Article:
At this point I recalled that the good ‘old book’ gives the history of mankind from beginning to end and outlines the order of various kingdoms. Some of this history can be found in the book of Daniel written about sixth century before Jesus. [I am aware that there are scholars who support a much later date, and they do so partly because they reject any possibility of predictive prophecy.]
In the second chapter and written during the time of the Babylonians, the book of Daniel accurately predicted the rise of the Medo-Persian kingdom, following by Alexander the Great and the Greeks, the Roman empire and the fractured nature of modern Europe. Following this, the only kingdom left is the return of Jesus who establishes his eternal kingdom. This is an amazing piece of apocalyptic literature and it ties in well with the words of Jesus as recorded in Matthew 14:1-7. On the Thursday evening before his crucifixion Jesus tells his disciples that he is going to prepare a place for everyone and he promises to return.
Did you note the interesting contrast? Most people who want a new kingdom, (including Russell Brand), or those who want a better life, or a new way of living, issue a call to arms. Jesus, on the other hand, promises a new world that he will prepare. Our part is to live a life that honours God and shows respect to humanity, that is, to our fellow ‘travellers’ on life’s road. We all struggle with this and none of us do this perfectly, but what might this look like in your life?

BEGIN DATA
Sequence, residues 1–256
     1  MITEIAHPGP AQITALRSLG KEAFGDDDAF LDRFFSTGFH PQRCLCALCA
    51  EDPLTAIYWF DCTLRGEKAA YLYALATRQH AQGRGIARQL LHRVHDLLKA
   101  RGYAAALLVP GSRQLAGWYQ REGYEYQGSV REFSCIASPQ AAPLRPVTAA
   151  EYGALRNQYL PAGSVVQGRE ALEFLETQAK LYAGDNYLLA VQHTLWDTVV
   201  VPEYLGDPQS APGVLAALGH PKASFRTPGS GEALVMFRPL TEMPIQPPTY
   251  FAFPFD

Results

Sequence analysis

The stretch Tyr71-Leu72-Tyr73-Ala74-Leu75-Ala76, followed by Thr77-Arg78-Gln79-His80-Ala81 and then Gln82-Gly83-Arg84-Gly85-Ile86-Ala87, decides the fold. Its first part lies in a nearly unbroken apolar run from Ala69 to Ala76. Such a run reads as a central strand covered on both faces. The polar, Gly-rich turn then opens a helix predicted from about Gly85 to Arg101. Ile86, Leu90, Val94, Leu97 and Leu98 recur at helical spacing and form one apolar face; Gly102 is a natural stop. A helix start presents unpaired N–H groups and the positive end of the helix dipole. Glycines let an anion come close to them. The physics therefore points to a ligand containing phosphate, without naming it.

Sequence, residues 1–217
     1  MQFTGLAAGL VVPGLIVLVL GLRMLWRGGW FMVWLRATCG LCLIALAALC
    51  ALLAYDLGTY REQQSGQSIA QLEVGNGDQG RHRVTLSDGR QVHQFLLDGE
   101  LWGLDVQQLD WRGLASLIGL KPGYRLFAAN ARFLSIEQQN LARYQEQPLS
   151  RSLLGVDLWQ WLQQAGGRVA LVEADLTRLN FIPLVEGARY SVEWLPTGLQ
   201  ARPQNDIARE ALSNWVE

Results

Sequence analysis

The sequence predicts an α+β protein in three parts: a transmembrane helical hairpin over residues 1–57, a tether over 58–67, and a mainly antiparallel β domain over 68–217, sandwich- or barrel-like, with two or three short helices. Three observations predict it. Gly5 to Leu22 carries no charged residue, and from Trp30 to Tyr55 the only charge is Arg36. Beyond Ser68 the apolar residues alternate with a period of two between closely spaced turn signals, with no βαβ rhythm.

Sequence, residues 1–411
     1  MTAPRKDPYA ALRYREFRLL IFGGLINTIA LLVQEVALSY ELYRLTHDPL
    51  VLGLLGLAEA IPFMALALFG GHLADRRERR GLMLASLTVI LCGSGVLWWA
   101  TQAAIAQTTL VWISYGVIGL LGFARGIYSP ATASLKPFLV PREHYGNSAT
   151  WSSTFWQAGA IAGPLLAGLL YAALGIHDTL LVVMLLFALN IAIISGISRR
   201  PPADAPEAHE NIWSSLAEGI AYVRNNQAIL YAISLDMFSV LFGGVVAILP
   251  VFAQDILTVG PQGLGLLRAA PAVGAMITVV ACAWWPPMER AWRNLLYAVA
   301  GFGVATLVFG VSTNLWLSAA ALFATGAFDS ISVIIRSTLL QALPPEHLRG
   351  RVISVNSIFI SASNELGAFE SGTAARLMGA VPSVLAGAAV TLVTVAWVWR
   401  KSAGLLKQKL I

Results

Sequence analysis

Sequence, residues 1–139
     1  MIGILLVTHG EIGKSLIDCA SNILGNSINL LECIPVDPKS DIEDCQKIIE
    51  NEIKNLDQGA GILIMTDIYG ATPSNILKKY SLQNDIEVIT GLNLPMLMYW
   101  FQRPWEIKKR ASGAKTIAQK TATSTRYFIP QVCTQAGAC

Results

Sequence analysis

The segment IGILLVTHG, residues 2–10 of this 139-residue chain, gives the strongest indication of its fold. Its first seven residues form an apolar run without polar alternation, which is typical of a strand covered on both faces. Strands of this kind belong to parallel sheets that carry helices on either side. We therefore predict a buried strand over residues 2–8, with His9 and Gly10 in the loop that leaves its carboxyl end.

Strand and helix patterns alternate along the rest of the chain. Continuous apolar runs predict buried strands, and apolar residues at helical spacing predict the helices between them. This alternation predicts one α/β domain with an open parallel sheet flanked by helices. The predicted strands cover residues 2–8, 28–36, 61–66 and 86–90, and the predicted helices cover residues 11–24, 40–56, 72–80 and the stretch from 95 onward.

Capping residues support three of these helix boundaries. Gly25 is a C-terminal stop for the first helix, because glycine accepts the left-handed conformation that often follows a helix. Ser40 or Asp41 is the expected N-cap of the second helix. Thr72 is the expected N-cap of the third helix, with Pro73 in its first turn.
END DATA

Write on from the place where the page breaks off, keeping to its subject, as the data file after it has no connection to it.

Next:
It’s worth a thought.
Mark B Vodell
9 Facts about boys that you may not know
Boys can be a mystery to many parents, particularly those who were raised in all-girl households or who have had minimum exposure to males in their formative years.
The more you know about boys the better placed you are to meet their needs as a parent, carer or teacher.
Here are nine facts to help you better understand what makes boys tick:
1. Boys are more likely to be heuristic learners than girls
Boys, more than girls, are likely to learn many of their lessons from experience rather than being told. This can be make parenting them challenging, particularly if you don’t have an appetite for risk yourself. Perhaps the biggest challenge is keeping them safe so some risks need to be out-of bounds. It can also be difficult as a parent being the support person when the lessons that boys learn bring hardship and tears.